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Vol. 58, No. 1-2, 2001
Issue release date: January–June 2001
Phonetica 2001;58:81–102

Acoustic Vowel Reduction in Creek: Effects of Distinctive Length and Position in the Word

Johnson K. · Martin J.
aOhio State University, Columbus, Ohio, USA; bCollege of William and Mary, Williamsburg, Va., USA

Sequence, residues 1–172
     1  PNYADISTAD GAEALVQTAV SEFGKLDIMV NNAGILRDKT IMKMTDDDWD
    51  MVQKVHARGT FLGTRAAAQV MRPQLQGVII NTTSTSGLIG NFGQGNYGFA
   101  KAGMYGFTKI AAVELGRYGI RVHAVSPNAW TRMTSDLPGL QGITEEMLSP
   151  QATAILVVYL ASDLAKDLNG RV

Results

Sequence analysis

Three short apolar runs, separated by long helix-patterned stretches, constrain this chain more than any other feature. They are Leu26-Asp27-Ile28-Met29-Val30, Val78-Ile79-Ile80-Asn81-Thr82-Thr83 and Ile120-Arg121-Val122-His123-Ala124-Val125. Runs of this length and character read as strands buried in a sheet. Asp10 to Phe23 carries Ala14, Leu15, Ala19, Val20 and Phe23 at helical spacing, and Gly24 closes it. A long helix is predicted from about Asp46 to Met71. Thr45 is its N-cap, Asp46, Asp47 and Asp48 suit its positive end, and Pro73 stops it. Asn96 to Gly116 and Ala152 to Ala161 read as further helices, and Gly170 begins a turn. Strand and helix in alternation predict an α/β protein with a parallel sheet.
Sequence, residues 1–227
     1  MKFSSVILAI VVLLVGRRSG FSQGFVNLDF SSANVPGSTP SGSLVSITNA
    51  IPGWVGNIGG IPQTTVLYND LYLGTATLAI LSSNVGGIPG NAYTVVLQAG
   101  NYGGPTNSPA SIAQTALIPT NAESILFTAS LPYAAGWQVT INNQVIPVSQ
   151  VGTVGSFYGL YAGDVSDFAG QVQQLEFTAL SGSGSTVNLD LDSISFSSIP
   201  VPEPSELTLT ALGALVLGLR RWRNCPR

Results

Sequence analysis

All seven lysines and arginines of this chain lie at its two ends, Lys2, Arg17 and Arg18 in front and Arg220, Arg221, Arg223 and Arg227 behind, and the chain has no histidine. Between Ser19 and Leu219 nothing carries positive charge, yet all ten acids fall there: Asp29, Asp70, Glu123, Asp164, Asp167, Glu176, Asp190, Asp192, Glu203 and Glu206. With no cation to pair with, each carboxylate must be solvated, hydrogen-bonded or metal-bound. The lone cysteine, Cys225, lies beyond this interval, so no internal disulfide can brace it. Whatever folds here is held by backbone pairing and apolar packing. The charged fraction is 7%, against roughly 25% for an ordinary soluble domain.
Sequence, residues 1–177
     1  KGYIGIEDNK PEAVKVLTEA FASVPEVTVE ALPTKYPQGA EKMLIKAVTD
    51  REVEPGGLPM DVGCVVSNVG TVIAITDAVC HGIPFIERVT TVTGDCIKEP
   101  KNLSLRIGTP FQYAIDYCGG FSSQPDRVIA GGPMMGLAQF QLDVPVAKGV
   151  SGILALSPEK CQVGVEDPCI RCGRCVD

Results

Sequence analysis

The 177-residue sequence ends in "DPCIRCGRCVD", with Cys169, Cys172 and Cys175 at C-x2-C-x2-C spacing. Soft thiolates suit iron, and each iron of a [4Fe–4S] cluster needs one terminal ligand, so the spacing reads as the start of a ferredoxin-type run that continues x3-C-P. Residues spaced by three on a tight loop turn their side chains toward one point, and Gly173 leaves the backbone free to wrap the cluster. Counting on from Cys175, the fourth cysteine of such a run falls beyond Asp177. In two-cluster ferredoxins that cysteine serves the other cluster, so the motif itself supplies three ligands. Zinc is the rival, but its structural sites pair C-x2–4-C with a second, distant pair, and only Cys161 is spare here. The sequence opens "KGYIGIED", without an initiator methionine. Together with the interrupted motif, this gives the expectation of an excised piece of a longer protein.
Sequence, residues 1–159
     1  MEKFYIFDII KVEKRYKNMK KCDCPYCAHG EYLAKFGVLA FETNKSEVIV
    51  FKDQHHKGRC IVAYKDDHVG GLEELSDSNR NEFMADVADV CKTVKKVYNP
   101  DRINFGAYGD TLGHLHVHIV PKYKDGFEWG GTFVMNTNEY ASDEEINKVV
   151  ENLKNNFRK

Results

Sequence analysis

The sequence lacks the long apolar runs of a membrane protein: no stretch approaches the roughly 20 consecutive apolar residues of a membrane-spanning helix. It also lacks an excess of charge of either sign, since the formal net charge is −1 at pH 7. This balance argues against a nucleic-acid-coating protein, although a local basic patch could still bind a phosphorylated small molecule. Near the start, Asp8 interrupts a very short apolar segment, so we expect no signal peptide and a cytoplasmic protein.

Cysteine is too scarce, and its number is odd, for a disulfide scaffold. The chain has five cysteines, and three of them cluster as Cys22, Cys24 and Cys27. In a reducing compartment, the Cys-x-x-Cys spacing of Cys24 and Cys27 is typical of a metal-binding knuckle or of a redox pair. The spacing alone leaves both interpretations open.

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Eight speakers (4 male and 4 female) of the Muskogee dialect of Creek pronounced a set of words illustrating the vowels and diphthongs of Creek. These recordings were analyzed acoustically and data on vowel duration and vowel formant frequencies are presented in this paper. The ratio of the durations of dictinctively long and short vowels was 1.8. This ratio showed a sex difference, being larger for female speakers than it was for male speakers. Final lengthening was also observed: both distinctively long and short vowels were longer in word-final position than in word-initial position. The vowel formant data showed two additive, orthogonal phonetic vowel reduction processes: short vowel centralization and positional reduction. Short vowel centralization has been found in many languages. Distinctively long vowels in Creek tended to be more peripheral in the acoustic vowel space than were the distinctively short vowels. Positional reduction is also evident in these data: vowels in word-final position were reduced relative to vowels in word-initial position. Short vowel centralization was preserved in both positions in the word. Positional reduction has been documented in several languages, and these results from Creek lend support to the hypothesis that it is a general property of speech production. The results of this acoustic-phonetic study, the first such study of Creek, are discussed in light of cross-linguistic phonetic trends.

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